Down the food chain, buyers of family-friendly cars are upgrading. Demand for SUVs, crossovers and sedans remains depressed but is shifting toward higher-end, in-between cars, according to analysts at Goldman Sachs Group Inc.
Buyers of these so-called multi-purpose vehicles, or MPVs, have long bought the same few basic models, priced between 40,000 yuan ($5,800) to less than 100,000 yuan. As the market was flooded with SUVs, aspirational buyers stayed away. Now, manufacturers are improving design and comfort, and raising prices.
A slew of MPV models will be released this year. Going by low discounts compared to the rest of the market, demand remains sturdy. Goldman’s analysts estimate that in every 1 percent of demand that moves to the higher-end MPVs lies an annual revenue opportunity of almost 50 billion yuan ($7.25 billion).
Here’s the hard reality: The double-digit growth days of selling nearly 25 million cars a year are vanishing in the rearview mirror. So are outsize profits from China. Much like the U.S. market, the type of demand will evolve and how people get around will change.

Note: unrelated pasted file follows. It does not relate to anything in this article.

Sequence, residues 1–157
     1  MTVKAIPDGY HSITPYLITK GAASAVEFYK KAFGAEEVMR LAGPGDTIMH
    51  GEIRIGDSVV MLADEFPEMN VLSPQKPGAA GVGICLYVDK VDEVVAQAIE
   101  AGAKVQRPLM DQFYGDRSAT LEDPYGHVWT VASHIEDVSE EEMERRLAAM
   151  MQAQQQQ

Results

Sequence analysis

Younger Chinese are more inclined to use ride-hailing services. The older people get, the less likely they’ll obtain driving licenses. China’s population is aging rapidly. This is a structural slowdown.
In theory, China has plenty of room to sell more cars. Penetration rates are low and so is the national percentage of licensed drivers. The carmakers are banking on semi-urban China, ostensibly the most upwardly mobile consumers. But sales are unlikely to top 20-some million a year, even with the push toward electric vehicles (only 5 percent of vehicles sold now) and regulations that will eventually force buyers to go green. For now, higher technology only raises the cost of car ownership out of reach.
The market is oversupplied, no doubt. The good news is that inventories are coming down as automakers try to stay in the black. Toyota Motor Corp. has increased the types of models it sells in China and gained market share. As weaker players drop out and the industry consolidates, the likes of Honda Motor Co. and Volkswagen Group are taking a bigger piece.